How to Become a Wiser You
Being wise is a good quality. It means we have a combination of knowledge and experience coupled with just enough compassion, good judgment, humility and willingness to share with others. Sounds like a winning combination? It is, especially if you want to succeed in life.
Why is wisdom important?
Most of us don’t think of ourselves in terms of being particularly wise. We credit such honors to our favorite fictional characters like Gandalf, The Lord of the Rings, Charlotte, Charlotte’s Web, Atticus Finch, To Kill a Mockingbird, Albus Dumbledore, Harry Potter, and Yoda, Star Wars, or people like Oprah Winfrey, Albert Einstein, Mother Teresa, and Mahatma Gandhi. However, each of us harbor bits and pieces of wisdom. As we cultivate our wisdom, we strengthen our contributions to the collective success of society.
How can you become wiser?
Gaining new wisdom is an ongoing process of discovery. According to Aristotle, “Knowing yourself is the beginning of all wisdom.” Therefore, to embark on your quest for a wiser you, challenging yourself to:
(1) Experience new opportunities. It’s impossible to gain wisdom when you close yourself off to new possibilities. Get out of your comfort zone and try new things. Put yourself into situations to learn and grow. You might consider going to places you have never been before, engaging in skill building activities that are new to you, and participating in novel social events. Change it up and see where it takes you.
(2) Open your mind to diverse perspectives. Set aside your biases and be receptive to different concepts and points of view. Develop a sense of curiosity as you observe the world from different angles. Don’t base your perspective on the popular opinion or what is comfortable for you. Let your mind be a judgement free sponge for innovative ideas. Be humble as you encounter new learnings and experiences.
(3) Approach new people. Get out and meet new people from diverse backgrounds and cultures. Put forth the effort to listen and learn from them without inflicting your own preconceived stereotypes and judgments. Foster conversations that include sharing yourself with others as well as learning more about them. As a perk, focus on cultivating new friendships.
(4) Develop a thirst for learning. Concentrate on learning new things every day. Make it a point to take classes, read books, listen to educational podcasts, watch documentaries, and search the internet for thought-provoking insights. Given the volume of fake information out there, strengthen your critical thinking skills as you actively investigate a problem or situation from multiple perspectives.
(5) Draw upon the wisdom of others. Find wise people to become your mentors. They might include a teacher, spiritual leader, family member, special friend, or someone at work. Identify what makes this person wise and carve out time to engage in meaningful dialogue with them. Soak in their knowledge and experience and apply their wisdom to your life.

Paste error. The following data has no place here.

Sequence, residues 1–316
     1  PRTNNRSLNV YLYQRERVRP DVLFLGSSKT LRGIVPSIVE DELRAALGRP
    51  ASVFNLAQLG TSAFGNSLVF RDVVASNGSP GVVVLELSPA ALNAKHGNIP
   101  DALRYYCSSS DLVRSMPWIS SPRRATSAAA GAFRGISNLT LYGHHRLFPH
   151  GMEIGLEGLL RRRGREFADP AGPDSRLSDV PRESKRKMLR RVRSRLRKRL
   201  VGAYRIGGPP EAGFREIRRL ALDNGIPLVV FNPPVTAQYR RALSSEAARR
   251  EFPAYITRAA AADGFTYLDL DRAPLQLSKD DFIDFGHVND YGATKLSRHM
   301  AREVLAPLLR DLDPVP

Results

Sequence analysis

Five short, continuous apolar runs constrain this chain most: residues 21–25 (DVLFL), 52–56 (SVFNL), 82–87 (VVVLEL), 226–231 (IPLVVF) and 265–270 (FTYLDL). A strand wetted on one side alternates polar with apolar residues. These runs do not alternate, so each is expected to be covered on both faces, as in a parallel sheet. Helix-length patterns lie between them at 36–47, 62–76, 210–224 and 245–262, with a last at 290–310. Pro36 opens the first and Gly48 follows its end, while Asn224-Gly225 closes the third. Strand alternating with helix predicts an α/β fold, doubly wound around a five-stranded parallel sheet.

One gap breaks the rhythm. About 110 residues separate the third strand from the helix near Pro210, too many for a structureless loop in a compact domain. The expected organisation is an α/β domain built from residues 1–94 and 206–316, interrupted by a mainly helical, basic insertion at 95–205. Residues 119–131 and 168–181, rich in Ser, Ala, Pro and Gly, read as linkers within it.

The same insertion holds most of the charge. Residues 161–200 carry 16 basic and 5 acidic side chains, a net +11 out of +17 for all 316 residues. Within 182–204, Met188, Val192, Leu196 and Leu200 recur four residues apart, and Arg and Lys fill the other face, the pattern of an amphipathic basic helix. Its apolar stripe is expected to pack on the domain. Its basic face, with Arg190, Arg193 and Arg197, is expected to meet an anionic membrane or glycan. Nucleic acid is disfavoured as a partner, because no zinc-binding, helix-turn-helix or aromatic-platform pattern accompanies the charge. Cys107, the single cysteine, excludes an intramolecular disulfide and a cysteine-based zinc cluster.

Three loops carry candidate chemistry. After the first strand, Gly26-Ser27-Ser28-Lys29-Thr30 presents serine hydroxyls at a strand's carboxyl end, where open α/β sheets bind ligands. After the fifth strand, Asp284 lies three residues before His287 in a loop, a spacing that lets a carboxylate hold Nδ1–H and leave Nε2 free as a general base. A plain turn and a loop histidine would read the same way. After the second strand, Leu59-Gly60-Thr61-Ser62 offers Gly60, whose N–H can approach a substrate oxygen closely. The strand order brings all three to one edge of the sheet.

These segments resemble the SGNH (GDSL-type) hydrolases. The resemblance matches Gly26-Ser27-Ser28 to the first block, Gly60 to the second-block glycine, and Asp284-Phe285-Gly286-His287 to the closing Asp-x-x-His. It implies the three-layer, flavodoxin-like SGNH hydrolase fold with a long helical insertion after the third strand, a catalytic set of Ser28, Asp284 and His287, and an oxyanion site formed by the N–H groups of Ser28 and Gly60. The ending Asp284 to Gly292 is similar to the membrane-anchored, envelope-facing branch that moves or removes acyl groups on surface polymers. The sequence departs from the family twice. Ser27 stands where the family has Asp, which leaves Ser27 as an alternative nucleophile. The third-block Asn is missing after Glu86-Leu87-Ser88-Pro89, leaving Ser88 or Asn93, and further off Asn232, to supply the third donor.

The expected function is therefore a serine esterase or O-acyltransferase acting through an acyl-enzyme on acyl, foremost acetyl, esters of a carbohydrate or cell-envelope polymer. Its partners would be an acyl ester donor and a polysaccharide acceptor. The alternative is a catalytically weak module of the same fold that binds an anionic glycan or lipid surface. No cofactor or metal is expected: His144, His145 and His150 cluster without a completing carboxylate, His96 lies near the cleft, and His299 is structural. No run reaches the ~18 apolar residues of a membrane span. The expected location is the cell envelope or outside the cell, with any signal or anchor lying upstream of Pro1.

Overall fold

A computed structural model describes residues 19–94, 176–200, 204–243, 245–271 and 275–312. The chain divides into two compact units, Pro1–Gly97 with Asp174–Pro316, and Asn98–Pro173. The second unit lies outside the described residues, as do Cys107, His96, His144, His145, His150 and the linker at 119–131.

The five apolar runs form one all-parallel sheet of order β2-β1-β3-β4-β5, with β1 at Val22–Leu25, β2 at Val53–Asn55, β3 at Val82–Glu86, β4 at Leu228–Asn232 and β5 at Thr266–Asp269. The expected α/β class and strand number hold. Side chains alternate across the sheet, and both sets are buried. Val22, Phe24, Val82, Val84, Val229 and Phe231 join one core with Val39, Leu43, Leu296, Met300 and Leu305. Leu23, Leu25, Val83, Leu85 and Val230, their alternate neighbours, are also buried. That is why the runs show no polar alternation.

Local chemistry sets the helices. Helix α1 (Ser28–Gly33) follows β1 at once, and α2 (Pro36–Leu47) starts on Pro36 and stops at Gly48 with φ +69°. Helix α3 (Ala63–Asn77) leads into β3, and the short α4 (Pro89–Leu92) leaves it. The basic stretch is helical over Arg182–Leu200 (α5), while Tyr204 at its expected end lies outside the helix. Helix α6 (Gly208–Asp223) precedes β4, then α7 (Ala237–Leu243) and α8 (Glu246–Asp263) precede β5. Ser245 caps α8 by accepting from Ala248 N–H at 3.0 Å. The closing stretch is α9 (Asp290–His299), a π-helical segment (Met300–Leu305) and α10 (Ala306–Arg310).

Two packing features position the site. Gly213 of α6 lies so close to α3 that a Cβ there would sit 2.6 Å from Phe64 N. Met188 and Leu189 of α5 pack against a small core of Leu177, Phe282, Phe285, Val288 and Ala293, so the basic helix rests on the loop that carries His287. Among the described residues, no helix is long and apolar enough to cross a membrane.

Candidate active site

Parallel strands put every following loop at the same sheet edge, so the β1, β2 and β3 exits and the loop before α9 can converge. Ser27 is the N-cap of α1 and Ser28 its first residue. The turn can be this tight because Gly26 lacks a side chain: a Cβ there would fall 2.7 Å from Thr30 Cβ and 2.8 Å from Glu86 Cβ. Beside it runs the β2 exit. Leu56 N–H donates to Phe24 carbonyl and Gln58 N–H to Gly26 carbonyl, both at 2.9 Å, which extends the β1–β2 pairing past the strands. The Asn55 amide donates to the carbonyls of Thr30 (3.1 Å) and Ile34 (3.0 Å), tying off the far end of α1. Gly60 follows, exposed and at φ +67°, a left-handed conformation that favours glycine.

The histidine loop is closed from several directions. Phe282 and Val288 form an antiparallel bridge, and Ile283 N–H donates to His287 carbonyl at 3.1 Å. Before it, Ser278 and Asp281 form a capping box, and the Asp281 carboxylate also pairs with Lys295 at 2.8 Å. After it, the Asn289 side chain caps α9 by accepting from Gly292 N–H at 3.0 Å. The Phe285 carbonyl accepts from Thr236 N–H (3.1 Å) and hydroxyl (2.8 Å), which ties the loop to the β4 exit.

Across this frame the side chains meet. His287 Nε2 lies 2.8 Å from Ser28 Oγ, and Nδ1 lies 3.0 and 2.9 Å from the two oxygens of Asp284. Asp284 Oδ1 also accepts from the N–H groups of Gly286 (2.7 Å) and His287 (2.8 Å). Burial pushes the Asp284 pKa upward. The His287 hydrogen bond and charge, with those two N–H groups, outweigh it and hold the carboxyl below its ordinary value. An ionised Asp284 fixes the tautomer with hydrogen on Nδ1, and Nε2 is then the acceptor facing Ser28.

(6) Admit and learn from your mistakes. One of the best ways to gain wisdom is by learning from your own mistakes. Whenever you make a mistake, own up to it, stop blaming other people, and start making it a teachable moment. Your best teacher is your last mistake if you take time to learn and grow from it.
(7) Share your wisdom with others. As you gain experience, knowledge, and good judgement, believe in your own wisdom and be willing to communicate it with others. In today’s world, very few of us will reach the highest order of being wise, but all of us can and should contribute to the collective wisdom of the crowd in all venues of life. So, dare to inspire humanity by becoming a wiser you.
We are made wise not by the recollection of our past, but by the responsibility for our future.
– George Bernard Shaw
Written by: Patricia K. Flanigan, Smart Strategies for Successful Living
Patricia K. Flanigan has worked in higher education for over 28 years. She holds a doctoral degree in Organizational Leadership from the University of La Verne as well as a M.A. in Latin American Studies and B.A. in Anthropology from the University of California, Los Angeles. Before retiring and moving to Idaho in 2015, she served as the dean of online education and learning resources at Saddleback College, a large community college in Southern California. She currently consults in higher education, volunteers for AARP, writes for a local magazine, and serves as an Affiliate Faculty member at Boise State University and on the Board for LEARN Idaho. Since February 2017, she has been the founding director for Smart Strategies for Successful Living, a community-based website designed to promote quality aging. As an educator, her focus is to inspire others to live and age well.